BOISE, Idaho—Edge Networks, the wireless MVPD TV pioneer leveraging ATSC 3.0 and broadband to deliver its offer, today announced it will begin serving about 200 Boise, Idaho, subscribers who have signed up for its early access program scheduled for Sept. 1.
The over-the-air alternative to traditional cable TV is priced at less than $50 per month, but for those early subscribers the company is offering Evoca for $20 a month through the end of the year.
For a monthly fee, Evoca subscribers get live network TV, linear television and VOD content, the company’s Scout set-top box equipped with an ATSC 1.0 and 3.0 receiver, onboard memory and a broadband connector, as well as an over-the-air antenna—high-gain or low-gain depending on the subscriber’s address.
“This is really the first converged network,” says Todd Achilles, Edge Networks president and CEO. “The two things we are building on is it’s incredibly spectrally efficient. You don’t have any of the overhead and mobility stuff you need in 5G to make it function. It’s just pure packets over the air.
“And the fact that it is IP-based allows us to create this converged network. We’ve basically created this seamless network that’s broadcast and broadband put together, and we blend the content across both of those modalities.”
Evoca offers a combination of OTA delivered content via ATSC 3.0 and 1.0. Edge Networks relies on its two low-power stations in Boise to deliver a variety of linear channels, such as Laff, the Game Show Network, the Outdoor Channel and the Cowboy Channel. Local over-the-air 1.0 channels are integrated seamlessly into the user interface.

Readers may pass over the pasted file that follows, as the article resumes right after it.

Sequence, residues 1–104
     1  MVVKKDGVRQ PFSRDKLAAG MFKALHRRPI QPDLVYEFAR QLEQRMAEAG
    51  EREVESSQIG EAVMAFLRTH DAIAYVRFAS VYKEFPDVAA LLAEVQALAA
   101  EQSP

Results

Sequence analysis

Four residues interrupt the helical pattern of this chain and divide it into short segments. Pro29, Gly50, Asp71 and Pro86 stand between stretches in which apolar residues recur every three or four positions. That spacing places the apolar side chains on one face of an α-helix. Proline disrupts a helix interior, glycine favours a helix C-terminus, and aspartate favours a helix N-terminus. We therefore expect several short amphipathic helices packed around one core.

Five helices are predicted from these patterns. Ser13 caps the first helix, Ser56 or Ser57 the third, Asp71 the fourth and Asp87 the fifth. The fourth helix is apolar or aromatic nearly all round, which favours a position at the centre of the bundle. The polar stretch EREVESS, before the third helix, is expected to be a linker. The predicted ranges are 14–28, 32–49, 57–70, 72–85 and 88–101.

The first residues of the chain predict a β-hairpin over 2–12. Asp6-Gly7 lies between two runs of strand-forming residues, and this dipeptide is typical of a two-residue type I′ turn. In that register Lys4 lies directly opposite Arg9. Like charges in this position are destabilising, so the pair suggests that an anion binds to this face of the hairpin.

A broadband connection to the set-top box delivers a variety of AVOD and SVOD services, such as Bloomberg Television, Crackle, Haystack TV and Acorn TV. Evoca also leverages the non-real-time (NRT) delivery of ATSC 3.0 to provide access to premium on-demand content, such as first-run movies, local documentaries and other content, says Achilles.
Achilles’ strategy with Evoca is twofold: deliver the lowest priced pay-TV service in the market and give customers the ability to subscribe to channels of interest to them. “By having this balance between what’s in the core bundle and the SVOD apps, we are creating an a la carte experience. This is what folks have been asking for since the beginning of time.”
For example, fans of British TV can watch Acorn TV for an additional $5 per month without affecting what others pay for the core Evoca service, he says.
Over-the-air linear channels will be offered in HD. Leveraging the efficiency of ATSC 3.0, Edge Networks will deliver 20 channels of HD over the air on each of its low-power stations, says Achilles. Buffer-free 4K content will be available, the company says.
“I don’t have a 4K channel on the air right now, but we have had a 4K channel on the air for six months,” says Achilles.
Edge Networks will concentrate on delivering Evoca to the more than 200,000 homes—some 80% of households in the market—within the OTA coverage area of its Boise low-power stations. “We want to operate the service within the footprint of our TV stations. The good thing is with 3.0, low-power stations reach further, have more capacity and the signal quality is so much better.
“We could stream outside of the footprint, but then you get this imbalance in terms of the offer,” he says.
While Evoca’s rollout in Boise is the first for Edge Networks, it won’t be its last. The company plans to bring its wireless MVPD service to other mid-size and small markets around the country. Bozeman, Mont., and Twin Falls, Idaho, are next, says Achilles.
Achilles is optimistic about the prospects of Evoca’s rollout in Boise. “We have been keeping it kind of quiet. There was one article in the local Boise paper in May, and our website got hammered with signups,” he says. “More than we were prepared to handle.”
For the first couple of months, Edge Networks will be looking for feedback from its early access subscribers to “work out any bugs,” but will open up subscriptions to the broader market by November, he says.
More information about Evoca is available online.
Phil Kurz is contributing editor to TV Technology
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